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Finding the Intersection of a Sinusoidal Function and a Line

  1. Nov 14, 2015 #1
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    1. The problem statement, all variables and given/known data
    Hi! I'm trying to find the points of intersection of a sinusoidal function and a line. The line is y=x/7. The function is y=sinx. Can someone tell me how to determine the number of intersections and exact intersections. I would also like to know if the same method can be applied to y=tanx and y=cosx. Thanks! Also, can you keep the math at a high school level; pre-calculus.

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    3. The attempt at a solution
     
  2. jcsd
  3. Nov 14, 2015 #2

    SteamKing

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    Working with trig functions means that most algebraic techniques for finding intersections can't be used.

    If you want to find out approximately where y = x/7 and y = sin (x) intersect, probably the quickest way is to make a graph of these two functions.

    There should be one obvious value of x which satisfies these two equations. Locating the others is a little more difficult and probably will require some trial and error calculations to find the values of x.
     
  4. Nov 15, 2015 #3

    HallsofIvy

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    y= x/7 and y= sin(x) give x/7= sin(x). An obvious solution to that is x= 0, As for any other solution (and there are other solutions, the slope of x/7 is 1/7 while the slope of sin(x), at x= 0 is 1 so the line goes under the sine curve- but the sine curve turns back down again), as SteamKing says, there is no "algebra way" to solve that, you will need to solve it numerically. One method that tends to converge fairly quickly is "Newton's" method: to solve f(x)= 0, choose some starting value, [itex]x_0[/itex], construct the next value, [itex]x_1= x_0- \frac{f(x_0)}{f'(x_0)}[/itex]. Then construct [itex]x_2= x_1- \frac{f(x_1)}{f'(x_1)}[/itex] and continue like that until you have sufficient accuracy.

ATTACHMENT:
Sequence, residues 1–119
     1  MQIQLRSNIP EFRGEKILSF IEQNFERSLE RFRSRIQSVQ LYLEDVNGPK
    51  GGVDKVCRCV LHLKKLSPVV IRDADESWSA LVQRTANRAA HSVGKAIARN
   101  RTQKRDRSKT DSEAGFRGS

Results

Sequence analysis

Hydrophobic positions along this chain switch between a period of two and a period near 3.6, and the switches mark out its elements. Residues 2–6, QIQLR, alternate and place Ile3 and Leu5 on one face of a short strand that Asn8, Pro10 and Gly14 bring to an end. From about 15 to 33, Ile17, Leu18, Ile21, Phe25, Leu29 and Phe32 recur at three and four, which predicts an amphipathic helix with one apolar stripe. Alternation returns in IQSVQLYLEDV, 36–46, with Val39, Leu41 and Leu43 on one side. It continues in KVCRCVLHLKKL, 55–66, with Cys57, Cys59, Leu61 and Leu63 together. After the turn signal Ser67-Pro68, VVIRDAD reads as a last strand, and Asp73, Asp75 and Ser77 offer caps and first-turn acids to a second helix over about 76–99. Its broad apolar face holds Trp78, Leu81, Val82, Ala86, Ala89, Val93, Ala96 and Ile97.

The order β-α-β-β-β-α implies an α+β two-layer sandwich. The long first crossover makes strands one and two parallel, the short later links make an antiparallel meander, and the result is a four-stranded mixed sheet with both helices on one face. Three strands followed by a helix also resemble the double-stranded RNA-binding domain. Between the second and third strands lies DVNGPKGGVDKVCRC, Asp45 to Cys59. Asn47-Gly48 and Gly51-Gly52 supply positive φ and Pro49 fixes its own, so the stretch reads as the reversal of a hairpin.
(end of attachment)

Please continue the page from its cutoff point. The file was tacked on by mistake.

Here, the problem is to solve f(x)= x/7- sin(x)= 0 so f'(x)= 1/7- cos(x) and the formula becomes [itex]x_{n+1}= x_n- \frac{x_n/7- sin(x_n)}{1/7- cos(x_n)}= x_n- \frac{x_n- 7sin(x_n)}{1- 7cos(x_n)}[/itex].
     
  5. Nov 22, 2015 #4
    Thank you SteamKing and HallsofIvy for the replies. It actually helped a lot. I'll graph the two functions from now on to find the intersection. I was generally interested in the mathematics if there were an algebraic way to solve. Oh, I didn't know about Newton's method previously; thank you for telling me about. I do not understand it that well at the moment; maybe I will use it in calculus or high-level mathematics. Thank you though.
     
  6. Nov 22, 2015 #5

    haruspex

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    A word of caution on Newton's method: it does not always converge. If you tried to use it to find where x1/3 becomes zero, starting at some nonzero value for x, you would find each subsequent x value is -2 times the previous one, taking you further and further from the answer. There are ways around this.
     
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